16. I started writing practically as soon as I er… started writing! I have a couple of old primary school books featuring my early attempts at poetry and story telling. Never let it be said that I let poor spelling, total ignorance of grammar, or punctuation that involved randomly putting dots through what I’d written hold me back!

    Writing was something I did when I was waiting for something, or when I had finished what I was doing in class or had a slow moment at work. Basically, any opportunity I had, I wrote. Mostly songs, poems and first chapters of fairy tale/fantasy stories.

    Then I did a writing degree which killed my writing and gave me a decade of writer’s block. Now, thanks to improvisation, I’m re-discovering my ability to write and utilising the story telling abilities I learnt to help me create plots then and there on-stage. It’s given me the ability to continue beyond first chapters and actually finish stories.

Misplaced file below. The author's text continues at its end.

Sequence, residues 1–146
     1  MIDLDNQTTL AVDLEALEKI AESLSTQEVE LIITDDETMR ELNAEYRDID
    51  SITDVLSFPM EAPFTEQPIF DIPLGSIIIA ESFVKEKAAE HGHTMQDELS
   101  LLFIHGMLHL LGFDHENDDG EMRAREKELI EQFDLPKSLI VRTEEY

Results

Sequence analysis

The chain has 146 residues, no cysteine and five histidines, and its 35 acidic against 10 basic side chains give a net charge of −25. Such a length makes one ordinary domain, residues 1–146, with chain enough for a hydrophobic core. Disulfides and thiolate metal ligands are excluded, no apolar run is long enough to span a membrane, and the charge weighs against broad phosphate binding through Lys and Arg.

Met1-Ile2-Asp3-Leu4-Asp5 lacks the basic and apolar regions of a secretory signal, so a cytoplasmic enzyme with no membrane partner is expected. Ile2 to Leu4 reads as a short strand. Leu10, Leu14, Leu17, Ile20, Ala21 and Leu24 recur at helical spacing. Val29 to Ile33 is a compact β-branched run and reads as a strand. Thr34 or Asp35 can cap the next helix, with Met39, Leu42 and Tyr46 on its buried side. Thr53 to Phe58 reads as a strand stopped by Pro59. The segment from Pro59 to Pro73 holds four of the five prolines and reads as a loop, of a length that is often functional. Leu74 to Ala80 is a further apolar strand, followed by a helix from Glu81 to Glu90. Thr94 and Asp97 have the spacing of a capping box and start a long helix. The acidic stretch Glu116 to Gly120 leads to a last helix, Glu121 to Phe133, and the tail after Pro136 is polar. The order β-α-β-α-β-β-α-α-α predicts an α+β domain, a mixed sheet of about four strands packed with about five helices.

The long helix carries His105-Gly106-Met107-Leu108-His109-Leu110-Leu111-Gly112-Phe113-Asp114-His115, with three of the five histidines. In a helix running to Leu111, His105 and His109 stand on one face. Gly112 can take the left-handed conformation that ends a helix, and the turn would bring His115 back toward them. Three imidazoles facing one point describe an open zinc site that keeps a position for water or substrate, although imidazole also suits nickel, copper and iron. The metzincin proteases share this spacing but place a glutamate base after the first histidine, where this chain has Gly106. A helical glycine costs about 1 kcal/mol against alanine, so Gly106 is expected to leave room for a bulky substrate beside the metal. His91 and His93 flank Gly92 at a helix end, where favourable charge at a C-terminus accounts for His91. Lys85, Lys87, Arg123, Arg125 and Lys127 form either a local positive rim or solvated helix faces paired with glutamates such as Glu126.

In short, I’ve always wanted to write and I’ve always wanted to do something I enjoy for a living. I’m hoping that I may be able to combine the two!

  17. well, I started out with mostly poetry…which peaked in awfulness in high school (by that time I had stopped rhyming mostly but oh oh the draaaamaaa). In fact somewhere in my closet there’s still a notebook with some of those poems that I keep meaning to destroy. I live in fear that some well meaning family member will discover the stash and read one at my funeral.

    I didn’t start writing stories/novels until young adulthood, but my love affair with novels began very early and continues.